Where usually creators will struggle to make their content stand out from the crowd, “bringing the audience into the process [of creating entertainment], we’ve already got a built-in audience,” Annison explains. “If you can have the audience of content be invested in content, it gives that content a competitive advantage.”

One of the key ways in which Legion M hopes to influence the creative industry is by opening the door for more diverse projects.

As Hollywood is so revenue-driven, oftentimes the ‘risk’ of letting a movie’s lead character be a woman, a person of color and/or a member of the LGBT community is simply considered too great. But Legion M, being owned by fans, has the opportunity to tip the scales. Because if the investors want more diversity and new kinds of stories, that’s exactly what they’re going to get.

“The reason that there are so many superhero movies and reboots and remakes… Hollywood’s figured out the formula. You pick something with an established fanbase, and if you make the movie you know it’s less risky because you know those people are gonna come see the next Superman movie,” says Annison. “Whereas if it’s an unknown story, you just don’t know. So we believe when you make the audience part of the process, these fans that are part of our studio … if you’ve got an audience that’s baked into it, that gives you so much more creative leeway.”

In practice, this means that Legion M, “could come up with a completely new and novel story that’s never been tried before, and know that it’s gonna have some success” — which means that it’d actually get produced, unlike many original ideas that come to Hollywood to die.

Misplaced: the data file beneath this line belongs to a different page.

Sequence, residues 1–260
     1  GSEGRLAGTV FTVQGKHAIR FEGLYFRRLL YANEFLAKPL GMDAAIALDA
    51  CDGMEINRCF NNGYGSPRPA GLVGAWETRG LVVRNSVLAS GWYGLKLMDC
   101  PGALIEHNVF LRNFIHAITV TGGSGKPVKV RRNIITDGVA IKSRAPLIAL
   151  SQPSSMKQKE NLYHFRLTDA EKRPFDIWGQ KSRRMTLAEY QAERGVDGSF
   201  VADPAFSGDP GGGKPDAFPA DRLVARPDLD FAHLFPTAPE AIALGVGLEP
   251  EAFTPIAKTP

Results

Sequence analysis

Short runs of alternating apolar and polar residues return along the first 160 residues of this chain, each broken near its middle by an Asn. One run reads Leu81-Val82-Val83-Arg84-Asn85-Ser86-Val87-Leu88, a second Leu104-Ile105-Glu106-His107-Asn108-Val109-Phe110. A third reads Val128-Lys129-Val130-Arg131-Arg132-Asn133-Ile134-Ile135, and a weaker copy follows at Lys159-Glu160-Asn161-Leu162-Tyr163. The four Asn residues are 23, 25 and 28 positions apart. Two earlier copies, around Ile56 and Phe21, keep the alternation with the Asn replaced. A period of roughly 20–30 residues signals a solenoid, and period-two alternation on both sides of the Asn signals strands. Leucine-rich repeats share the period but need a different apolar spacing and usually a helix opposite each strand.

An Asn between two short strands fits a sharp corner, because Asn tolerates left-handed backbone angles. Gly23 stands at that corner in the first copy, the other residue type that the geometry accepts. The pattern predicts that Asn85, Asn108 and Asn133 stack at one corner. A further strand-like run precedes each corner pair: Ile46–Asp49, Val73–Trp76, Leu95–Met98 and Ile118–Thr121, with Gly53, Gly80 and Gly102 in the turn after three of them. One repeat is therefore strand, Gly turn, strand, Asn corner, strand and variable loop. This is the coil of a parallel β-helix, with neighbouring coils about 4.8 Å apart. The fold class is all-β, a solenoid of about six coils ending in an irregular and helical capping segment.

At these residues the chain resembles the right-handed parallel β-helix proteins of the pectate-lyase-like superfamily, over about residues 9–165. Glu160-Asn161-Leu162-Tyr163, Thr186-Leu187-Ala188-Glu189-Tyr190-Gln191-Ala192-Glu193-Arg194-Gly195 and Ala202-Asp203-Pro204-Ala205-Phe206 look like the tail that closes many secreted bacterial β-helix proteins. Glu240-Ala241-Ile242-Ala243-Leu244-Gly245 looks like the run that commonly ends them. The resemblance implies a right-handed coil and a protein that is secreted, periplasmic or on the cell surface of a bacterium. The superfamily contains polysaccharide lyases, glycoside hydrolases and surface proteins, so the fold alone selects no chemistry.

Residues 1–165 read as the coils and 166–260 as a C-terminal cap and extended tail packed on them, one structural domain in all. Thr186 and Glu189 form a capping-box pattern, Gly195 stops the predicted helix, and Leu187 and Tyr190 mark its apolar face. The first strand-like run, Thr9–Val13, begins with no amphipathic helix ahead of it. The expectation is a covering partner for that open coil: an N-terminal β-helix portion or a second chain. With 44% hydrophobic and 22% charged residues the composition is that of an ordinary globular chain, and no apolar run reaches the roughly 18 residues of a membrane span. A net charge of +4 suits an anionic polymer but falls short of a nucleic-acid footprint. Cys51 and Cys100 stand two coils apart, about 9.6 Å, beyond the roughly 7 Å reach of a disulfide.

Further, fan owners of Legion M can experience unprecedented involvement with the creative process. Not only are they involved with selecting and developing projects, but, “our promise to our investors is that we’re gonna take you along for the ride. When we film a movie, we wanna live-stream from the set. When we have project opportunities, we wanna put them in front of you. We give the Legion a voice.”

To start with, Legion M is partnering with Seth Green and Matthew Senreich’s Stoopid Buddy Stoodios, which created Robot Chicken. Annison explains that they still have “dozens” of projects that networks have rejected, and Legion M is working on bringing some of them to life.

In terms of representation, Legion M doesn’t necessarily want to commit to a quota of diversity. Instead, where they expect to be able to influence Hollywood is at the “table” where these decisions are made — and, “because we’re owned by such a broad, diverse group of people, we’ve got a better shot than anybody else at being able to affect that change.”

As Annison explains: “Fans have the ultimate power. Our money is what makes this whole thing spin around. When we combine and come together, we’ve got all the power.”

Read more about Legion M and how to get involved on their website.

As we approach the Captain America: Civil War Blu-Ray release date, a new deleted scene from the film has been released.

And it’s a Civil War deleted scene that is sure to please Stucky fans.

In the clip, Bucky quickly comes to the defense of bae (a.k.a. Cap) when War Machine briefly takes him down. Bucky gets back at Rhodey by throwing Cap’s iconic shield at him, and as the shield boomerangs back, Steve Rogers catches it. Take THAT, War Machine! #TeamCap

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As we approach the Captain America: Civil War Blu-Ray release date, a new deleted scene from the film has been released.

And it’s a Civil War deleted scene that is sure to please Stucky fans.

In the clip, Bucky quickly comes to the defense of bae (a.k.a. Cap) when War Machine briefly takes him down. Bucky gets back at Rhodey by throwing Cap’s iconic shield at him, and as the shield boomerangs back, Steve Rogers catches it. Take THAT, War Machine! #TeamCap

Watch below:

The movie’s airport scene was easily one of the most delightful moments of the film, so we’re loving this extra dose of Stucky brilliance.